Bike test: Adventure Flat White touring bike
Perhaps the most impressive aspect of Adventure Outdoor’s astonishingly inexpensive Flat White tourer is that there’s nothing much wrong with it beyond its weight and stolid ride.
It is generously kitted out, with front rack bosses, a rear rack (complete with spring-loaded briefcase retaining clip), mounting bosses for three water bottle cages, mudguards of a decent length, and a saddle with copper rivets, albeit for decoration.
It even has frame lugs – at least on the head tube and seat cluster; the less noticeable bottom bracket area is merely TIG welded. Yet on a properly ‘budget’ touring bike, it’s a creditable effort.
Unfortunately, it’s one that adds weight to a frameset that can ill afford it. It’s built of chromoly steel tubing of a wall thickness that can only be guessed at but which might win the contest if banged carelessly against an urban bike stand.
The top and down tubes are of contemporary diameter, where old-school sizes an eighth of an inch smaller would save a few ounces without loss of stiffness. Otherwise, the frame is well made and thought out, from overall proportions down to dropout design.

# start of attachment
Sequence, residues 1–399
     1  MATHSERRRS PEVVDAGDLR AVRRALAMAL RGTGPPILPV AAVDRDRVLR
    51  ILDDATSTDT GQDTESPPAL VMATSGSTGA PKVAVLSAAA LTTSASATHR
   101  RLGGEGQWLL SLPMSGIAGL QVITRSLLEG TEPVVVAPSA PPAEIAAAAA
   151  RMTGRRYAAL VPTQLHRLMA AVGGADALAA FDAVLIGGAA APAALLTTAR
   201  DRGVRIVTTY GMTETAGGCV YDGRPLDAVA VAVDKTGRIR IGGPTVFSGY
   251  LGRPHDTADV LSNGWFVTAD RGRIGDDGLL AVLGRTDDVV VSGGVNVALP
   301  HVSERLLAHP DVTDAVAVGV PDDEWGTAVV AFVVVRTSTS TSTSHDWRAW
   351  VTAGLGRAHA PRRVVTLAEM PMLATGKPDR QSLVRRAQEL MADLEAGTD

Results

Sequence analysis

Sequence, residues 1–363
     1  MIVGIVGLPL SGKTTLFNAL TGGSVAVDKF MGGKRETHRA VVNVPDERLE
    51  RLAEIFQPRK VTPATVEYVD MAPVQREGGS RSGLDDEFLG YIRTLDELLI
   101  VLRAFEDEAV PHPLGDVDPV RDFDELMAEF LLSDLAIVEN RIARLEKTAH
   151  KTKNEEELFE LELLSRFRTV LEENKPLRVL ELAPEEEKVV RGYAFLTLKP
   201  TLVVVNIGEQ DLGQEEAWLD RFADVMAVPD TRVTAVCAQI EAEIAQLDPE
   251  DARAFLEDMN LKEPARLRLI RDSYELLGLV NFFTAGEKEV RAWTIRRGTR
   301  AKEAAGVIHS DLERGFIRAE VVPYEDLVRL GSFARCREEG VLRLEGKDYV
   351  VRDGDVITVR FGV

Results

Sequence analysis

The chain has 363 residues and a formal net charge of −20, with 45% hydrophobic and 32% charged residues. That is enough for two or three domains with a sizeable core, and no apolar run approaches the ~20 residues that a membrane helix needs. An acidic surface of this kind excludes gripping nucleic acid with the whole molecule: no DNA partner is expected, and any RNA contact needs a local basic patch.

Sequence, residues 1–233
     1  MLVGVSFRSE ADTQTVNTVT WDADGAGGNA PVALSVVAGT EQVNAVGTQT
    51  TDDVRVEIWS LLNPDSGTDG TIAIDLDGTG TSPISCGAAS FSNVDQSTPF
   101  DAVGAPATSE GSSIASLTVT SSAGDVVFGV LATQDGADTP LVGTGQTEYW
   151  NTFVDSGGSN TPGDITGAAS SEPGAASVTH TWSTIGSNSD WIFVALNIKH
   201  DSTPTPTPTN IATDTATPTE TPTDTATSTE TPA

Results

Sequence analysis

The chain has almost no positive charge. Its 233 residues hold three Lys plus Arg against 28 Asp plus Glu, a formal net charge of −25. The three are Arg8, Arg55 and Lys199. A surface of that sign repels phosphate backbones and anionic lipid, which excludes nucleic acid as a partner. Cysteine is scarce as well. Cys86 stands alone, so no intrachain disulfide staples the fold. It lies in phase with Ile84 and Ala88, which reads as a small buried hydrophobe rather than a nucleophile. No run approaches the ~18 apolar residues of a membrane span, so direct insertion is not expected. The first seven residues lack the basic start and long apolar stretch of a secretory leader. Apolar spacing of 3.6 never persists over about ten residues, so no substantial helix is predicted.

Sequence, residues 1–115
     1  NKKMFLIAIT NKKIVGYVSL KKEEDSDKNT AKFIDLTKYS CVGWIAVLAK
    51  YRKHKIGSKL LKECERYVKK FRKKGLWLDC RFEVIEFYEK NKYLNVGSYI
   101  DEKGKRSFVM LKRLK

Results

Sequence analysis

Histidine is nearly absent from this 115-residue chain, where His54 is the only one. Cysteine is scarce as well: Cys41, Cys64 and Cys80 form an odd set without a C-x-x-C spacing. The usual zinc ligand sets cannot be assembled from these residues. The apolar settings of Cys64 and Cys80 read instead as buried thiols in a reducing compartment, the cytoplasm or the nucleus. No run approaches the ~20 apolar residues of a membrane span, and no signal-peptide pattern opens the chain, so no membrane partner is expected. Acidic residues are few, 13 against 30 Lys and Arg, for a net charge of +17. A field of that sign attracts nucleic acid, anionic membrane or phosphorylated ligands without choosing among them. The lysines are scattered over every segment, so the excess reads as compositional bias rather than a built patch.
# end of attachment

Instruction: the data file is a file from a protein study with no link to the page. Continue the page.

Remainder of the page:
Assembled around anonymous 32-hole aluminium hubs, using what look like chrome-plated plain gauge spokes, the wheels should give sterling service and may well outlast the famously durable Schwalbe tyres.
There are a few minor quibbles: the mudguards are flimsy, not adjustable, and rattle incessantly; the Tektro brakes are feeble; and the saddle is nothing like the San Marco Regal it resembles.
Having said that, the Shimano Tourney transmission shifts crisply across its seven rear sprockets and two pressed steel chainrings. Gearing is too high for the bike’s avowed purpose, and any additional weight would see all but the strongest Flat White rider forced to dismount on a stiff gradient.
An aluminium hybrid with key touring accessories, 3×8 Shimano Tourney/Altus gearing, and budget hydraulic brakes.